You don't feel the need to plan or take charge because you're used to someone else doing it for you. That said, it's possible your parents' babying equals a lack of responsibility as an adult. In a relationship, be sure you're not becoming too dependent on your partner; you don't want your significant other to feel like he or she is parenting you.
If you're an only child ...
… you’re responsible, mature, dependable and sensitive.
Stereotypically thought of as spoiled as a result of being your parents' sole focus (as far as kids go), you probably act more like an oldest child than a royal. Because you lived alone with your parents and had a lot of practice being in relationships with adults, you're serious and reliable. Not to mention your communication skills are A-plus.
You're sensitive to the needs of those around you, but beware: many only children often achieve "super firstborn" status, meaning these traits are amplified. For example, if a firstborn is likely to be a perfectionist, the only child is likely to be an uber-perfectionist. When it comes to relationships, it's important to recognize you can take things to an extreme, and to stop fussing and overthinking.
Now let’s talk about compatibility. Again, keep in mind that this should by no means determine the path of a current or future relationship, but it's undoubtedly interesting to see how you’ll fare romantically with different birth orders.
Oldest with oldest: You both like to be in control, so be prepared to butt heads often. For this to work, both sides need to learn to compromise instead of insisting on getting his or her own way all the time. Recognize that as important as something is to you, it's equally important to your partner.
Oldest with middle: A middle child is good at compromising, meaning the oldest will likely steer the ship. And while this can lead to a fight-free relationship, it's possible the middle child will feel stifled after a while because he/she is always supporting the partner, but not getting that support in return.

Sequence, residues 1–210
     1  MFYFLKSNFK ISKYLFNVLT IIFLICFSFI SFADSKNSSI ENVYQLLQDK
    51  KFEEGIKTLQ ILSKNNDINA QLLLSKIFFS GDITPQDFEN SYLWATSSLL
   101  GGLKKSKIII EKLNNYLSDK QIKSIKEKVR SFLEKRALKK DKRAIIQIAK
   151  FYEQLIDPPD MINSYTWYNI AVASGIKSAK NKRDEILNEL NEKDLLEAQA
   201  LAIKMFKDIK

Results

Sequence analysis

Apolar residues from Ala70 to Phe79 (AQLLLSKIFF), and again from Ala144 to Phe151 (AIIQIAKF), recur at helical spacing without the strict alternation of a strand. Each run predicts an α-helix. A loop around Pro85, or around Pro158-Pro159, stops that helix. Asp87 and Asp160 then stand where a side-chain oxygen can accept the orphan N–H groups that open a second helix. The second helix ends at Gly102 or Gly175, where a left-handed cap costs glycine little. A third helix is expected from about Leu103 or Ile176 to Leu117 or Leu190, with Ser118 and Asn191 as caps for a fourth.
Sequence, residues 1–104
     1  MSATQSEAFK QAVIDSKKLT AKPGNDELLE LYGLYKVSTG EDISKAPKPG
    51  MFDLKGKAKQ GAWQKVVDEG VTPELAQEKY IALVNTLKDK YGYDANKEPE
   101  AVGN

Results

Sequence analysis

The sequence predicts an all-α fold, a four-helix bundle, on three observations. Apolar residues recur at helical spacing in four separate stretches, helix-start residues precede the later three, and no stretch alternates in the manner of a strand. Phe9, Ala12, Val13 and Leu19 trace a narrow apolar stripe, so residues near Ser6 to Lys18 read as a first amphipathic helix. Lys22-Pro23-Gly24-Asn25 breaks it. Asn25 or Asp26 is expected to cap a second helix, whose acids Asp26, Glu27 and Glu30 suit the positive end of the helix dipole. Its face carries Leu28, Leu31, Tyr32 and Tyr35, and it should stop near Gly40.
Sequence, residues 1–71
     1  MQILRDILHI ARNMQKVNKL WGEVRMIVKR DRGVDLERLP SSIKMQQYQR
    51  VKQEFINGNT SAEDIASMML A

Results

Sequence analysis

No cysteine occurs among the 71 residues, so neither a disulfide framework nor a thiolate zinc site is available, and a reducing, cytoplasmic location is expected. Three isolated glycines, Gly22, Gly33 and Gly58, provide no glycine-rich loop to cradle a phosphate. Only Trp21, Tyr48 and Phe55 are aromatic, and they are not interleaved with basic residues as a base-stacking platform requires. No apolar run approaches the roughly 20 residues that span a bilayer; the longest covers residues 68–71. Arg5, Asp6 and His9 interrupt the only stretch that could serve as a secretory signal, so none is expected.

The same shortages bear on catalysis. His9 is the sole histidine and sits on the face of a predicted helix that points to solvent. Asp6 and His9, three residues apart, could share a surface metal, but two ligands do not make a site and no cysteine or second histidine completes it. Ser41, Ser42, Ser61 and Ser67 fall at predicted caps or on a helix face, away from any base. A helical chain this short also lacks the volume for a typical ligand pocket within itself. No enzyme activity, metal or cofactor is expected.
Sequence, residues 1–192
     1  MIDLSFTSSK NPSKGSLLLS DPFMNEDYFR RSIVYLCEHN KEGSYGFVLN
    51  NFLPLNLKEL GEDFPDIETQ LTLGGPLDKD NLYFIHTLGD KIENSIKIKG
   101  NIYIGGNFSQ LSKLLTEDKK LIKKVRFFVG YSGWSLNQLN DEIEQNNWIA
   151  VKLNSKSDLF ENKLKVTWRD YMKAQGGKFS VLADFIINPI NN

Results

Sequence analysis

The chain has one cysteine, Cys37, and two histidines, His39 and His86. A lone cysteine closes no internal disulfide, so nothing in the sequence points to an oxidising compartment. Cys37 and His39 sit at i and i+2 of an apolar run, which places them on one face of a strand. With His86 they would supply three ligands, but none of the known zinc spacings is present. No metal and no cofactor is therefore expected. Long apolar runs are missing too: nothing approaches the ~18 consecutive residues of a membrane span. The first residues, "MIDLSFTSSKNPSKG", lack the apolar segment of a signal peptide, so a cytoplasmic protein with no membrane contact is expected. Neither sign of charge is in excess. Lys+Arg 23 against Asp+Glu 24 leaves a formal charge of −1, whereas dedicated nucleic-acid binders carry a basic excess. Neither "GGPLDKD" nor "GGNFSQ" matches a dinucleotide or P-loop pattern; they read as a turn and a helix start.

Oldest with youngest: Opposites attract here. A firstborn (wanting to be in control) and a youngest (wanting to be taken care of) usually make a good match and force the other out of a comfort zone.
Middle with middle: You're both sensitive and compromising, so the biggest potential pitfall here is a lack of communication due to fear of confrontation. Make sure to emphasize helping each other express opinions and feelings.
Middle with youngest: Because a middle child is likely to take on the traits of those around him, it's possible you'll acquire some youngest tendencies. But your negotiating skills, coupled with a youngest's sociability, will lead to a good combination of effective communication and fun.
Youngest with youngest: You're bound to have a lot of fun with each other given your laissez faire-ness, but an issues arises when neither wants to be the one in charge. Figure out where your respective strengths lie (finances, scheduling, etc.) and share responsibilities.
Only child with anyone: Only children are pretty much compatible with anyone as long as they don't act too classically like an oldest or youngest child (the two birth positions they're most likely to resemble).